Noem’s health chief retires amid scrutiny of trans advocate

December 19, 2022 GMT
South Dakota Gov. Kristi Noem delivers her budget address for the fiscal year 2024 on Tuesday, Dec. 6, 2022, in the House Chambers at the State Capitol in Pierre, S.D. (Matt Gade/Rapid City Journal via AP)
South Dakota Gov. Kristi Noem delivers her budget address for the fiscal year 2024 on Tuesday, Dec. 6, 2022, in the House Chambers at the State Capitol in Pierre, S.D. (Matt Gade/Rapid City Journal via AP)

SIOUX FALLS, S.D. (AP) — South Dakota Gov. Kristi Noem’s Cabinet secretary overseeing the state’s health department announced her resignation Monday amid criticism from conservatives over the Republican governor’s administration rewarding a community health care grant to an organization that advocates for transgender people.

The governor’s office said in a statement that Secretary of Health Joan Adam, who has held the position since March, was retiring to focus on “family and personal commitments.” But the end of her 20-year career with the Department of Health comes days after Noem faced questions from a conservative website, The Daily Signal, for the state granting a contract to The Transformation Project, an organization that advocates for transgender people in the conservative state.

The grant was part of an effort from the state Department of Health to administer funds from the Centers for Disease Control and Prevention for community health workers to link communities to health and social services. The program describes the health workers as a “trusted member” or someone who has a close understanding of a community.


Transgender-rights advocates, including The Transformation Project, have long said that transgender youth face discrimination and hostility, leading to depression, isolation and suicidal thoughts. The Republican-controlled Legislature has taken up efforts to discriminate against transgender youth.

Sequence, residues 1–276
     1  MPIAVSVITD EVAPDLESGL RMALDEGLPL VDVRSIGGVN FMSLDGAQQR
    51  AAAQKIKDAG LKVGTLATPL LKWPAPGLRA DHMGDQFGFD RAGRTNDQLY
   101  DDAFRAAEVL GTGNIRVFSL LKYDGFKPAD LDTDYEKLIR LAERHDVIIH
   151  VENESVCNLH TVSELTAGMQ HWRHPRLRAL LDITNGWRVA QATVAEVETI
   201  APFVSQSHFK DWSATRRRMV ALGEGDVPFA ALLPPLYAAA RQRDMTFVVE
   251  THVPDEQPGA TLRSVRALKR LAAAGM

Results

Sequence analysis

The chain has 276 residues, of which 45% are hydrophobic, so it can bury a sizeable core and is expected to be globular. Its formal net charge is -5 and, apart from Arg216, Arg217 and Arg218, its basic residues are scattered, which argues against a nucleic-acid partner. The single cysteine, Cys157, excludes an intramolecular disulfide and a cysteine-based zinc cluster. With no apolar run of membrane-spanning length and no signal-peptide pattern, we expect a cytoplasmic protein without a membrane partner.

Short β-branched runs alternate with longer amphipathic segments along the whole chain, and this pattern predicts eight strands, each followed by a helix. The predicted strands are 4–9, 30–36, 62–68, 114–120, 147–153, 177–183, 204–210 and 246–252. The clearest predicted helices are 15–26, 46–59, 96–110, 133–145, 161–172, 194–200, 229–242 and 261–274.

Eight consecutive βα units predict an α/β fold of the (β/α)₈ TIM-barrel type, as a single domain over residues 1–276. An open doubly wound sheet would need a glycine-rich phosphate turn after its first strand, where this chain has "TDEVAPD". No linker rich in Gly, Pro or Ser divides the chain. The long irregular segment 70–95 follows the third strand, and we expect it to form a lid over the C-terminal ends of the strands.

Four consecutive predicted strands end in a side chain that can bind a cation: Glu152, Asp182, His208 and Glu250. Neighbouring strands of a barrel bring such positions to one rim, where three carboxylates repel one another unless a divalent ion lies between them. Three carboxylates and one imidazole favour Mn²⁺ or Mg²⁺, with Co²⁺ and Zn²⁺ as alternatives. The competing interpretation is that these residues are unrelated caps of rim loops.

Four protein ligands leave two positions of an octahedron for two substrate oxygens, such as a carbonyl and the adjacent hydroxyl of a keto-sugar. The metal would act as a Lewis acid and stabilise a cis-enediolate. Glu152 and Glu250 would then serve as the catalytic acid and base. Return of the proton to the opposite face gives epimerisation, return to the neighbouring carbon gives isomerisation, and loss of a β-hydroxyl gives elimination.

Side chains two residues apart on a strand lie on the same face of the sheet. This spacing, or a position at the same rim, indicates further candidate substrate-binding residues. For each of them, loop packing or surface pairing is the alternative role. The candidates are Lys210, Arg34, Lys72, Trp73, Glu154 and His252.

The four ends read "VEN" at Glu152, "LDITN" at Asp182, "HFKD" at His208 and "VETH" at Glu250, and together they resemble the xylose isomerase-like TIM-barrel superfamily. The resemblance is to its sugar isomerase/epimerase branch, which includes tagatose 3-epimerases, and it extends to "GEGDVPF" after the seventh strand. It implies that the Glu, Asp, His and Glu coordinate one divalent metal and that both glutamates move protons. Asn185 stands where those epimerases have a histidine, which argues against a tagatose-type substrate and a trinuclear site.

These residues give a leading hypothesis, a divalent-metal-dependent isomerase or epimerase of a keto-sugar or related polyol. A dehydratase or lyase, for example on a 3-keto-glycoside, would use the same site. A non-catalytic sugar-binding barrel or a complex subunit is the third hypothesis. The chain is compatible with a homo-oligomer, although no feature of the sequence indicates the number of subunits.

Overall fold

The Department of Health awarded an annual contract to The Transformation Project starting in June. But Noem’s spokesman, Ian Fury, has said the governor was not aware of the $136,000 contract, did not authorize it and does not support the organization’s work. The state dissolved the contract and reviewed other Department of Health contracts soon after the issue of the contract was raised.

Fury said the organization had not complied with the contract terms, including submitting quarterly reports.

The Transformation Project did not immediately respond to a request for comment on the grant being canceled.

Democratic state lawmaker, Rep. Linda Duba, called Noem’s actions a disturbing example of her willingness to withdraw funding for health care based on her own political convictions.


“Just because you don’t agree with someone’s choice doesn’t mean you withhold or take away health care,” Duba said. “They have a high suicide rate and yet, this is what happened.”

Conservatives in the Legislature, though, have taken aim at the transgender community and sometimes pushed for Noem, who is widely seen as a potential 2024 White House contender, to take action on the issue. The Legislature’s Freedom Caucus, a right-wing group of Republican lawmakers, said Monday it would introduce legislation next year to ban gender-affirming procedures for transgender youth.

“This is a life-altering decision that shouldn’t be made by or for a child at such a vulnerable age,” said Republican Rep. Aaron Aylward, who chairs the caucus.

The U.S. Department of Justice has challenged bans in other states, slamming them as violations of federal law.


The Republican lawmakers also took issue with an annual conference in Sioux Falls that reviews the health care needs of transgender patients. It is being hosted by The Transformation Project and Sanford Health, the state’s largest hospital system.

Meanwhile, Noem in a statement said she was “grateful” for the advice of Adam, her health secretary, and praised her for putting “families first.”

Adam said in the statement: “My time with the Department of Health has been very rewarding. The dedication of the Department’s employees is impressive and will continue to serve the state well.”